Fortinet is urging customers to upgrade to the most recent firmware releases after malicious hackers were found exploiting a previously disclosed vulnerability.
The company is warning the newly reported vulnerability has been exploited in the wild. The Cybersecurity and Infrastructure Security Agency is urging users and administrators to read the new guidance and apply upgrades.
The latest activity was discovered following an internal investigation into previous exploitation activity going back to the beginning of the year.
Fortinet in January found that a heap-based buffer overflow was being used in attacks by a sophisticated attacker on governments and government-related targets. An exploit that was seen in the wild, a remote attacker could use the vulnerability, CVE-2022-42475, to take control of a targeted system.
Fortinet issued a code-audit and found additional issues in the SSL-VPN module and outside researchers from LexFo disclosed a vulnerability that could be exploited pre-authentication.
A ripe target
SSL-VPN products have become an increasingly popular target for sophisticated hackers.
“Over the past five years, there’s been a persistent trend of vulnerabilities in SSL-VPN products such as those from Citrix, Pulse Secure and Fortinet being targeted,” Satnam Narang, senior staff engineer at Tenable, said via email.
“These flaws have not only been exploited by ransomware groups but also by nation-state aligned threat actors with a particular focus on flaws in Fortinet devices,” he said.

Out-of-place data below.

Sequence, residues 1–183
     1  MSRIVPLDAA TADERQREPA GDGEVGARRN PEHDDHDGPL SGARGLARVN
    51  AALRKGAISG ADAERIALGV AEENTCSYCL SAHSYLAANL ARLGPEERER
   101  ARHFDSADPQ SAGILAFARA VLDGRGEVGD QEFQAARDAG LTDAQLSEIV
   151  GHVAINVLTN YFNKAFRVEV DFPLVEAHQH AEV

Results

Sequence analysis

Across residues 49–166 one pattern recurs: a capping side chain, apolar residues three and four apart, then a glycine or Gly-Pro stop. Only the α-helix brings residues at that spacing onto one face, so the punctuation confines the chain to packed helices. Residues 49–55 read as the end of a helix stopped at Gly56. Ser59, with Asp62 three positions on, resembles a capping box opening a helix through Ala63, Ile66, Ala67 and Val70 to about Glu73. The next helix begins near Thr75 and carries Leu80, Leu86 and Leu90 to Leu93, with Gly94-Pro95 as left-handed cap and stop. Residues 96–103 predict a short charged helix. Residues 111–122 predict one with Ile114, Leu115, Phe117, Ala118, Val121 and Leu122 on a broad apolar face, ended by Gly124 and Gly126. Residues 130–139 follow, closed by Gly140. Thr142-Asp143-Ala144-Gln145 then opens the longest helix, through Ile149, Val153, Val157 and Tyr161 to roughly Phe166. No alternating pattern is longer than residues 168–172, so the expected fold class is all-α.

Rapid7 researchers noted there were more than 210,700 Fortigate devices with the SSL-VPN component exposed to the internet. The majority are located in the U.S., with Japan and Taiwan representing smaller markets.
The new warnings come just weeks after Fortinet was linked to the state-sponsored Volt Typhoon attacks against U.S. critical infrastructure. U.S. authorities and researchers warn state-linked actors may be trying to eventually cut off U.S. communications with Asia, amid rising tensions between the U.S. and China.
The Volt Typhoon attacks are abusing Fortinet FortiGuard devices to access companies and leverage home networking equipment. While the attacks are not directly linked, Fortinet warned there are malicious actors that will continue to exploit unpatched vulnerabilities.
Scott Caveza, staff research engineer at Tenable, said while there is no known connection with Volt Typhoon, the group has been known to exploit CVE-2022-40684, a critical authentication bypass in Fortinet that was patched in October 2022.